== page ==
The Supreme Court on Tuesday struck down a Maine education policy that made K-12 schools with religious instruction ineligible for taxpayer-backed tuition aid, continuing the conservative majority court’s general trend of ruling for religious interests.
The 6-3 decision broke along ideological lines, with the court’s six conservatives ruling that the state’s so-called sectarian exclusion violated constitutional religious protections. The court’s liberals dissented, with Justice Sonia Sotomayor accusing the conservatives of further eroding church-state separation.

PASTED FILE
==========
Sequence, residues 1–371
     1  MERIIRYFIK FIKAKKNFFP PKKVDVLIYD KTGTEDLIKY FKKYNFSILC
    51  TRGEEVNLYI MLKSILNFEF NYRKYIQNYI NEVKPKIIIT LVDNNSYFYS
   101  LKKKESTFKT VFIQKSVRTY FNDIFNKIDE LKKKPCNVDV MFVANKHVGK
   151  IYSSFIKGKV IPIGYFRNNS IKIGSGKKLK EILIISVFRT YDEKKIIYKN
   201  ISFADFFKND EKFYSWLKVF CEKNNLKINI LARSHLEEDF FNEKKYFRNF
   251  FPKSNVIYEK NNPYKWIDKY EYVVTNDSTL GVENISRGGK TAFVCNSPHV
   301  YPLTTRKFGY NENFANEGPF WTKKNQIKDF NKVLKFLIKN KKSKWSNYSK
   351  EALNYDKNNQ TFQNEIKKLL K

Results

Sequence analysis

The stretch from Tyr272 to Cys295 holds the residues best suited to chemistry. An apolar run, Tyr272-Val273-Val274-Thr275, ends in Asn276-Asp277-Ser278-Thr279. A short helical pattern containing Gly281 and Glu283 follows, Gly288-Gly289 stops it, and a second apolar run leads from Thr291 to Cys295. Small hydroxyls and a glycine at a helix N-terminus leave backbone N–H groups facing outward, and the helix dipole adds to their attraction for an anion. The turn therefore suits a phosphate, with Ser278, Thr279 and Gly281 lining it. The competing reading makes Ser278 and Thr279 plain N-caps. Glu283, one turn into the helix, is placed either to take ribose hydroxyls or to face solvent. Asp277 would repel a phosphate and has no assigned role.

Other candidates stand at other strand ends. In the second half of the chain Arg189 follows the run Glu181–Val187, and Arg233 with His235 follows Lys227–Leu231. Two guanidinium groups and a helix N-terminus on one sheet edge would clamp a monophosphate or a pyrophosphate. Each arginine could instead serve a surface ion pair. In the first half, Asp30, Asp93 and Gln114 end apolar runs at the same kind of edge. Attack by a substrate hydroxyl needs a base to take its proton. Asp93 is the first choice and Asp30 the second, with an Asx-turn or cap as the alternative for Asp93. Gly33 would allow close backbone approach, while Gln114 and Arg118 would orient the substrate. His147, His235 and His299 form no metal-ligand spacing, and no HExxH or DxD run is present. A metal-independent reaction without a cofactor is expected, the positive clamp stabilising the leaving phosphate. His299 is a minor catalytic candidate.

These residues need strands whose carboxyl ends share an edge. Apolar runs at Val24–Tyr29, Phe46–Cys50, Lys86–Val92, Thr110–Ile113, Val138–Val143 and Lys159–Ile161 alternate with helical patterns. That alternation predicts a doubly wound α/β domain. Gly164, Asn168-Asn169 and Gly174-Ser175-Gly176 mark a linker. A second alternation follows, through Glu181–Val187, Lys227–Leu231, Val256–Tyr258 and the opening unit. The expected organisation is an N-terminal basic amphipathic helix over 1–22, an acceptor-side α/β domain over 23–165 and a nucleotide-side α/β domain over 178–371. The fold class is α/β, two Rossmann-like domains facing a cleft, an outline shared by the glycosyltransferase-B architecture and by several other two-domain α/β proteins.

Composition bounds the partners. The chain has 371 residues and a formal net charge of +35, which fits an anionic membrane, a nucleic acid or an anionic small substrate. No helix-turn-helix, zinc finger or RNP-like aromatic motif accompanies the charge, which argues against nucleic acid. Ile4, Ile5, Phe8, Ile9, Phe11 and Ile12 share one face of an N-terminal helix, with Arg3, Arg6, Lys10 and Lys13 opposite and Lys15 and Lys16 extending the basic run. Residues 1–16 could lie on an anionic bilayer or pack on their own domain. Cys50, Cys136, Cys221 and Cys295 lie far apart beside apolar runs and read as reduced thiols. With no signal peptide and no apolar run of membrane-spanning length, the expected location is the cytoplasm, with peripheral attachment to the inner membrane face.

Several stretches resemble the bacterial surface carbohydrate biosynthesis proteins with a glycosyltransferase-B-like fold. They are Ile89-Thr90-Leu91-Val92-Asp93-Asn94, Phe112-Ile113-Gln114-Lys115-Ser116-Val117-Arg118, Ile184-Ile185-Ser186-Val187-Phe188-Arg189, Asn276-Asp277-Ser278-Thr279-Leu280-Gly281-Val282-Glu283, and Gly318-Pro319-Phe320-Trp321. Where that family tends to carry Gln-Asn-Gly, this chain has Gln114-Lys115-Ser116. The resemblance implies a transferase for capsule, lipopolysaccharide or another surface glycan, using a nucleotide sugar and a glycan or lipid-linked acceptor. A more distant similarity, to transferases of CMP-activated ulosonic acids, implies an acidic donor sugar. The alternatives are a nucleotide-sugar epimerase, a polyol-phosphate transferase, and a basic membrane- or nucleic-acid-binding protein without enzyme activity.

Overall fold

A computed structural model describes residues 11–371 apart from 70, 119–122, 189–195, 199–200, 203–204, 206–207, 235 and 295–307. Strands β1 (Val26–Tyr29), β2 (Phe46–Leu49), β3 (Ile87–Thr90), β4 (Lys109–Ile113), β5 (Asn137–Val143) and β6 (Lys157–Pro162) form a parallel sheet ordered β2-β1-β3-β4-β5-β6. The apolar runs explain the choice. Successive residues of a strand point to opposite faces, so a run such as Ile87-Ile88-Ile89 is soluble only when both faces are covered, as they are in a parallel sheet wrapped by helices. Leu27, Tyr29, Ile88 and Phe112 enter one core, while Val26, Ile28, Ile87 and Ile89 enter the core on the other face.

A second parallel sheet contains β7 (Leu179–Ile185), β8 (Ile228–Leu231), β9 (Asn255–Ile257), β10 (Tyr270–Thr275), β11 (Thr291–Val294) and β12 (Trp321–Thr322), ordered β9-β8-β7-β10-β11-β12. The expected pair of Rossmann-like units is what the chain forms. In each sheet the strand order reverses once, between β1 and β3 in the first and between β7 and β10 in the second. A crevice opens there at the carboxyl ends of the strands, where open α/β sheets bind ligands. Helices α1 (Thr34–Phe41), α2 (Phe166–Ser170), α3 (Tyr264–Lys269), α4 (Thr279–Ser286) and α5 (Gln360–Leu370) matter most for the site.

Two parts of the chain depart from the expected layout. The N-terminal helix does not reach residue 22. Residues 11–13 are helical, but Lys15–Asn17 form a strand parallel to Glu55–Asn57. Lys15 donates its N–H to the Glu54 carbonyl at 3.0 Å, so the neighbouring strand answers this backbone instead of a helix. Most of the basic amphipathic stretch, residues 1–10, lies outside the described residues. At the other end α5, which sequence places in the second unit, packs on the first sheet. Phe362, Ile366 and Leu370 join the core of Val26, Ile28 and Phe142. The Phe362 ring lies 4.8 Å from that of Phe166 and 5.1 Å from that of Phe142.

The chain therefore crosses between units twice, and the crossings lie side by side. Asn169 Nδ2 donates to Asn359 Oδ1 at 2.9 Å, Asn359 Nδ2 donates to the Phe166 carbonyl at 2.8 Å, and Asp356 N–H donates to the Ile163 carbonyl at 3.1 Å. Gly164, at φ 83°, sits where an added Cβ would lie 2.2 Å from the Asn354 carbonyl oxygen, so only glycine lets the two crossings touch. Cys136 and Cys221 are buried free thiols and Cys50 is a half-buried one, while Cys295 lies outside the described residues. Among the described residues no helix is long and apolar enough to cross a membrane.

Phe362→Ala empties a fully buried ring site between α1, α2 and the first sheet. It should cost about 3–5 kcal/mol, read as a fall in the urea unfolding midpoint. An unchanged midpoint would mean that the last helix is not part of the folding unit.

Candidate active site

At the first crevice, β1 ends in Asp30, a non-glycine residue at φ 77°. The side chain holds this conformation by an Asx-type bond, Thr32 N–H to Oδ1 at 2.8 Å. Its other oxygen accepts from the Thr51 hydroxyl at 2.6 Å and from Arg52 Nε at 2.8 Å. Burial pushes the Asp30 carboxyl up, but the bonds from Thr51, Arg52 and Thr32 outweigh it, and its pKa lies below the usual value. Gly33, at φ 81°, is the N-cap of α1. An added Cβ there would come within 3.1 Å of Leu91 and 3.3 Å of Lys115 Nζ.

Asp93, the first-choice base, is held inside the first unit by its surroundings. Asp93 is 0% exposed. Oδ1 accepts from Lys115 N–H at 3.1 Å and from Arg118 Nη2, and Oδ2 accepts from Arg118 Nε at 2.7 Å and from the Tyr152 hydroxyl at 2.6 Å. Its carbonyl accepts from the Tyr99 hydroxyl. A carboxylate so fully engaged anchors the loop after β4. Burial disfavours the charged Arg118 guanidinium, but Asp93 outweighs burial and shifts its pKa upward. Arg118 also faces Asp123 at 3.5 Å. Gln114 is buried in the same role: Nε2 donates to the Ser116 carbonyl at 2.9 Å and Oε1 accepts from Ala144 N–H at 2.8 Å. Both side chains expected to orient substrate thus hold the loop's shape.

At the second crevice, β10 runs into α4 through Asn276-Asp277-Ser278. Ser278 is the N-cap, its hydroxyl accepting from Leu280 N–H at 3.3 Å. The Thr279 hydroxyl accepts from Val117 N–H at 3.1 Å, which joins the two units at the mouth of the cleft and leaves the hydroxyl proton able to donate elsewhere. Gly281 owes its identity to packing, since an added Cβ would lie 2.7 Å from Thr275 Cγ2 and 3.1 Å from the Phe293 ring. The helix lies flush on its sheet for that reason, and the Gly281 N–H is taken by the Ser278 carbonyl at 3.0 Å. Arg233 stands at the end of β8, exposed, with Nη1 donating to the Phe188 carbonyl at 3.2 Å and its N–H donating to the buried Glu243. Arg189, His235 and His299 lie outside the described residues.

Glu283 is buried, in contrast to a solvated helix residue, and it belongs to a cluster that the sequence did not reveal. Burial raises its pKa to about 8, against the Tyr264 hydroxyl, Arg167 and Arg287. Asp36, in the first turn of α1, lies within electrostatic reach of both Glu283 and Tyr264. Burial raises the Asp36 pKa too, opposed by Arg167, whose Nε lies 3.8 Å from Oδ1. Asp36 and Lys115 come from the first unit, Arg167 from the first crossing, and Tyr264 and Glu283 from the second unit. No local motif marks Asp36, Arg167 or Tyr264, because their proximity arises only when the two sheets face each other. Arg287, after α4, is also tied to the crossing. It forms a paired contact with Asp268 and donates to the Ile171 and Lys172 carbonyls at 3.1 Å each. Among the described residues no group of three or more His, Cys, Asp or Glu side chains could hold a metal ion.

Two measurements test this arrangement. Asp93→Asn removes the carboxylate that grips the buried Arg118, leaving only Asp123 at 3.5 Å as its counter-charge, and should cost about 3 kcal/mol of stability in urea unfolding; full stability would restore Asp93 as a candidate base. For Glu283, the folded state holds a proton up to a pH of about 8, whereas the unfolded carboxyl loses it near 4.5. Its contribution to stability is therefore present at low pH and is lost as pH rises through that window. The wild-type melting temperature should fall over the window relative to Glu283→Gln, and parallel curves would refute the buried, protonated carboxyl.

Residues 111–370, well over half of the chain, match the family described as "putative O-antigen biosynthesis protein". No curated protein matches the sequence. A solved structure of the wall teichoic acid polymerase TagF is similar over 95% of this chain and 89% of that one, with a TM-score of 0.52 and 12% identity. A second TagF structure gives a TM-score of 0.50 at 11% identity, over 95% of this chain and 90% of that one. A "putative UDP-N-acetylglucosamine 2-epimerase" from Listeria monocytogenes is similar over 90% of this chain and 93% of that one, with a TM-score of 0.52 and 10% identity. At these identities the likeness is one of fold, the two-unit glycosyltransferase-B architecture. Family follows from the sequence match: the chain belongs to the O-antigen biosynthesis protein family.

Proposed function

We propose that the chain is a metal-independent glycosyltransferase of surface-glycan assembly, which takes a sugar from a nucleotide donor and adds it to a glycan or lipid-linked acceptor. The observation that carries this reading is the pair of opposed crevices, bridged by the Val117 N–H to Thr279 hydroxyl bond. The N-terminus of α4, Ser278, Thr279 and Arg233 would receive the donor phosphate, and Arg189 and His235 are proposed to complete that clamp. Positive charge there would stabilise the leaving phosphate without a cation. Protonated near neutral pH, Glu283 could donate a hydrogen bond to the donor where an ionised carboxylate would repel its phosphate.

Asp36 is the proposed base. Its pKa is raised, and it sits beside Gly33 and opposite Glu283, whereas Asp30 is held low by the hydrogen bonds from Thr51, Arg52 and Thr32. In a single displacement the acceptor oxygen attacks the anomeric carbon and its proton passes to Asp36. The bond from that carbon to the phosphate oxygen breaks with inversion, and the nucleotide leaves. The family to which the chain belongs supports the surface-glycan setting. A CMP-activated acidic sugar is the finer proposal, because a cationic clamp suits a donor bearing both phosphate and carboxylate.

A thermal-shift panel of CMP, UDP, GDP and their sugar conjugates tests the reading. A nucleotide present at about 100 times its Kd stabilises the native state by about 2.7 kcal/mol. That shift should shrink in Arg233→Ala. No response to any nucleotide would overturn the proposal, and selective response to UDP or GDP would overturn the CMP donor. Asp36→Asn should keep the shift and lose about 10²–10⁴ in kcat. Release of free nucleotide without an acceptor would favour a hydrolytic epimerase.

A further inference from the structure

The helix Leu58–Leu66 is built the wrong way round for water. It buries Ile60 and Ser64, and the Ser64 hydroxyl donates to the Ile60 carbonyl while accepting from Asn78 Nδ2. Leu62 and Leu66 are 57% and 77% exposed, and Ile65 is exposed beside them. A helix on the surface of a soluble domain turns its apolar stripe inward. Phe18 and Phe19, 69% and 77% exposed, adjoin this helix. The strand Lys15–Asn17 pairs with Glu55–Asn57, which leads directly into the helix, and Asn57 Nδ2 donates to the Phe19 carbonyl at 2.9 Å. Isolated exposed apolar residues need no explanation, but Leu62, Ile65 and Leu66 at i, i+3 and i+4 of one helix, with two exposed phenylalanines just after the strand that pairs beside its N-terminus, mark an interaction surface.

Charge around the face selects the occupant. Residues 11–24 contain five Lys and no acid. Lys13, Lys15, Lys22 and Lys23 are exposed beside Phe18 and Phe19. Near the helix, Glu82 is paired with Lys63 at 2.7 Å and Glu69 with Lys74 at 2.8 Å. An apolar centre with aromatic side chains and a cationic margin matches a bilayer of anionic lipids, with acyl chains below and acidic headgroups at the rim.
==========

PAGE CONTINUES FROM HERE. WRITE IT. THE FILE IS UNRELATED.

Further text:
Maine law gives school-age children the right to free public education. But because many rural districts lack a public high school, a workaround was devised that allows students to attend nearby qualifying private schools with public assistance.
Under Maine law, however, schools that offer religious instruction had been ineligible. This exclusion prompted a challenge by Maine parents, who argued that barring families’ preferred schools from the tuition aid program based on religion violates constitutional religious rights under the First Amendment.